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What To Do If Your Child Worries Too Much

By Lucy Schrader,
former HES Associate State Specialist and Building Strong Families Program Coordinator, University of Missouri Extension

My daughter worries at bedtime every night. She always asks, ‘Will you check on me soon? Will you check on me after you go downstairs? Will you check on me before you go to bed?’ I always tell her I’ll be close by, but it doesn’t seem to help. What can I do?”

Some of this is normal worry. Children want to be reassured and they want to know they will be safe. Some need extra reassurance, and routines and traditions can help calm them. Some children, however, will not be calmed by your answers. It doesn’t matter how many times you reassure them or how many times you check on them, they still worry.

Children who have these kinds of worries might struggle in other situations, too. They may not want to meet new children or go to other kids’ homes because of their worries (for example: “What if I need something?” or “What if I don’t know what to do?”).
It’s easy for adults to say, “Don’t worry” or “Stop worrying so much.” Just saying these things, however, does not work. There are strategies that can help, and these strategies can give your child a way to gain control over the worries.

These strategies are from Dr. Dawn Huebner in her What to Do When You Worry Too Much workbook (2006):

  • Contain the worry
  • Set up a worry time
  • Create a worry box
  • Put the worry outside of the child
  • Do something else
  • Make a list of things to do.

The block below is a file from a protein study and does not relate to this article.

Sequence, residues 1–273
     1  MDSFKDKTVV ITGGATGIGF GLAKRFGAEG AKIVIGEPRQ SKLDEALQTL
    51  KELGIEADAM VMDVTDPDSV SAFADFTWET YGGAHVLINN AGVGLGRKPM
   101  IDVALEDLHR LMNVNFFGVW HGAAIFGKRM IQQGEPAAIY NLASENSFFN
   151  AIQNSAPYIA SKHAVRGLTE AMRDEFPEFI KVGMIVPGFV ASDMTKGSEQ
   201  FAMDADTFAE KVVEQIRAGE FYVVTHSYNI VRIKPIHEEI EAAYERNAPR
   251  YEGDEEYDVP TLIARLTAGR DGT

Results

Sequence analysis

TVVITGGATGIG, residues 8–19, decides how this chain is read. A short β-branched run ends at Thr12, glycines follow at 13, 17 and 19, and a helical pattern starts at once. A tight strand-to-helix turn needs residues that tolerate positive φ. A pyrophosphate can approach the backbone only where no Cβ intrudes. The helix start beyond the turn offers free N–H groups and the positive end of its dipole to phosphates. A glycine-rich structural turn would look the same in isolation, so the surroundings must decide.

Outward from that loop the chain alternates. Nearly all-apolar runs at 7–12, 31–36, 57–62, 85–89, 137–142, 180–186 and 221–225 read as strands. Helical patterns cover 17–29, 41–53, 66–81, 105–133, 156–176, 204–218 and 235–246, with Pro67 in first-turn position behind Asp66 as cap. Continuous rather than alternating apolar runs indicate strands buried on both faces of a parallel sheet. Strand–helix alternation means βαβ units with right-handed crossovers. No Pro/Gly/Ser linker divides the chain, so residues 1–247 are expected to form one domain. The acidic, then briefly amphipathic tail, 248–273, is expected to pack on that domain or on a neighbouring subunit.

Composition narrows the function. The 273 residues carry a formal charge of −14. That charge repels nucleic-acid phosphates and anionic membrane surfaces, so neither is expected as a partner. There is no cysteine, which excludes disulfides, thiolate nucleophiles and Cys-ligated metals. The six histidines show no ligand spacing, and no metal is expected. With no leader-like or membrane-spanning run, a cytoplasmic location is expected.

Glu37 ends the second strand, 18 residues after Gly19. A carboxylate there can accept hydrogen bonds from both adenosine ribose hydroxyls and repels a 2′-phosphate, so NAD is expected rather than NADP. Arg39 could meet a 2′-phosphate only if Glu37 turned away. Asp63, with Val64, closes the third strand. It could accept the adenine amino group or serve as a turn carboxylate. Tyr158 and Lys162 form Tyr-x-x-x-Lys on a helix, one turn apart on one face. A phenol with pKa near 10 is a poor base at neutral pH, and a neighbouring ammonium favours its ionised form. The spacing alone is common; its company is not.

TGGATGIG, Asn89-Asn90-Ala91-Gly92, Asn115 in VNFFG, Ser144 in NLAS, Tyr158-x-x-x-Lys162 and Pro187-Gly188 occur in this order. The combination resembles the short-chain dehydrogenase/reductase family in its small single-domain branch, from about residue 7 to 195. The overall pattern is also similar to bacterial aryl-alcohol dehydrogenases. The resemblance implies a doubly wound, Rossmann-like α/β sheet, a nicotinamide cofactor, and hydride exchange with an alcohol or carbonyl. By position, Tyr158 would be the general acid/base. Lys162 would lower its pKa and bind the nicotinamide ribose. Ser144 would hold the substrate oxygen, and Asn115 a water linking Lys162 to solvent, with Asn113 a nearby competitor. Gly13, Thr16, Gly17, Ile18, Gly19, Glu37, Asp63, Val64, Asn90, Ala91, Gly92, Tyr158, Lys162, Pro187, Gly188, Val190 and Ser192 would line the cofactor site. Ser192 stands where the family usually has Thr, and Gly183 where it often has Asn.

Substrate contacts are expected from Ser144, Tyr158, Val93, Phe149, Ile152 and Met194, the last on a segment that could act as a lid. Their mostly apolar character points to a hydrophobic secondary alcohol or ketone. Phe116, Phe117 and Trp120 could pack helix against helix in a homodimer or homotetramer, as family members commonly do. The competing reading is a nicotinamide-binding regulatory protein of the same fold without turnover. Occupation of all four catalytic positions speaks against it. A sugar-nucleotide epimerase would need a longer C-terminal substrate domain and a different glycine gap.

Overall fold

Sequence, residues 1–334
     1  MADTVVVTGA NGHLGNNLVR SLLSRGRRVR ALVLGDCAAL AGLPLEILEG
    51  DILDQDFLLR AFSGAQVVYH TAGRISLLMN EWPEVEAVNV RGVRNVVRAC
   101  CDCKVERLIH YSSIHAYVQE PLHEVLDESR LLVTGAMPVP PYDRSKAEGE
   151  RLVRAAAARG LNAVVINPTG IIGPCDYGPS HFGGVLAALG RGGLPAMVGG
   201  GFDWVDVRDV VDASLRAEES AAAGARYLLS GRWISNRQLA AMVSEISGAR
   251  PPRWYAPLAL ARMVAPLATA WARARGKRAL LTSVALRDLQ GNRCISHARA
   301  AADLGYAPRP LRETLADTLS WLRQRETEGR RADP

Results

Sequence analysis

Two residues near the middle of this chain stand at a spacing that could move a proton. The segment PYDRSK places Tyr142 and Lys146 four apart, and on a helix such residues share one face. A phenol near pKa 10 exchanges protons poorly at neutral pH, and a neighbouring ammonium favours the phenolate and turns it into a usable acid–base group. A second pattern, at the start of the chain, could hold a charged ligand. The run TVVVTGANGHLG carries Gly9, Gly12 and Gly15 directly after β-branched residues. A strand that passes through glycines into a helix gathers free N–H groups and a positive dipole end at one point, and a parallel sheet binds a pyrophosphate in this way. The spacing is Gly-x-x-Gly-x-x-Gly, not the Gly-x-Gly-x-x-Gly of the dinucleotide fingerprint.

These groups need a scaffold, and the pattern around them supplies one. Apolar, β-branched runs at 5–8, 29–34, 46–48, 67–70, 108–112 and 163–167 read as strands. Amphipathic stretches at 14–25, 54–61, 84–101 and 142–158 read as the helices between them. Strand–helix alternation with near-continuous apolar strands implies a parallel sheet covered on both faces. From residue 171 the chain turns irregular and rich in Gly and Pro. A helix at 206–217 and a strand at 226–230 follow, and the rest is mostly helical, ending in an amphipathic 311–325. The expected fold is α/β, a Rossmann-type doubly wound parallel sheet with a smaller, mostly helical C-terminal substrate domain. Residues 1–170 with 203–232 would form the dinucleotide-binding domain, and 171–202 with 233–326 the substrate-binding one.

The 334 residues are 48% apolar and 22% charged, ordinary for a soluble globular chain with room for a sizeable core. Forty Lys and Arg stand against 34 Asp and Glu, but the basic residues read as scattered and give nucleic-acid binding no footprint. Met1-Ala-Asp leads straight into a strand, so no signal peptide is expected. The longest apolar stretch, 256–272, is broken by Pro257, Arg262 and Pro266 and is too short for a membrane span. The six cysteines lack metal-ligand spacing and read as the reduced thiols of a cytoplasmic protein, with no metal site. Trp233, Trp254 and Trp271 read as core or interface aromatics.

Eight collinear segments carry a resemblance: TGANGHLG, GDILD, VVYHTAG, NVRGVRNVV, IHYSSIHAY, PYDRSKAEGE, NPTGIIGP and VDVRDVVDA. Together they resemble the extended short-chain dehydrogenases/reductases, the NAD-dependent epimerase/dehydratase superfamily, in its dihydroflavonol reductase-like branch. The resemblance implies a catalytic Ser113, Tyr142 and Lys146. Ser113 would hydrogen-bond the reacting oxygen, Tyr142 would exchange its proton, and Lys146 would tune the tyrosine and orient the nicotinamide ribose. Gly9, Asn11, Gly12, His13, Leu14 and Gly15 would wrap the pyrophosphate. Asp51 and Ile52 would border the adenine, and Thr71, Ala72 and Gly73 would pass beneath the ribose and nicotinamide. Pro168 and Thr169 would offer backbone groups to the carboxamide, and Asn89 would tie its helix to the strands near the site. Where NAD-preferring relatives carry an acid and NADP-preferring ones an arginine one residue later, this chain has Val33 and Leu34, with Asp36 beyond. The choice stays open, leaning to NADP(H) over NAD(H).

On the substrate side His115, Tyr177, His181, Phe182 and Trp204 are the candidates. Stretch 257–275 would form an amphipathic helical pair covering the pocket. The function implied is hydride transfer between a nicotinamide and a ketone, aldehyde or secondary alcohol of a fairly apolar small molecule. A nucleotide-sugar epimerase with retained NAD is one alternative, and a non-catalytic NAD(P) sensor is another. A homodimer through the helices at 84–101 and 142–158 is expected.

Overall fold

Here are some ideas:

  • Take three deep breaths
  • Run up and down the stairs five times
  • Draw a picture
  • Read
  • Play music
  • Sing a song
  • Play a game
  • Help a neighbor with yard work
  • Take a pet for a walk

These strategies take practice and time. Give your child positive messages and tell him that you believe in him. You may want to get help from a school counselor or a licensed therapist/counselor.

Also, if you as the adult tend to worry, your child may have the same tendencies as you. These strategies can help you, too. You and your child can practice these strategies together.

In answer to the question at the beginning of this article, work on some of the ideas listed here.

To read the full version of this article in more depth, go to http://missourifamilies.org/features/parentingarticles/parenting103.htm.
To find local Missouri Mental Health Centers, you can call Missouri Department of Mental Health at 800-364-9687 or go to dmh.mo.gov
To find a counselor in Missouri use the search feature on the Missouri Mental Health Counselors Association website www.mmhca.com.

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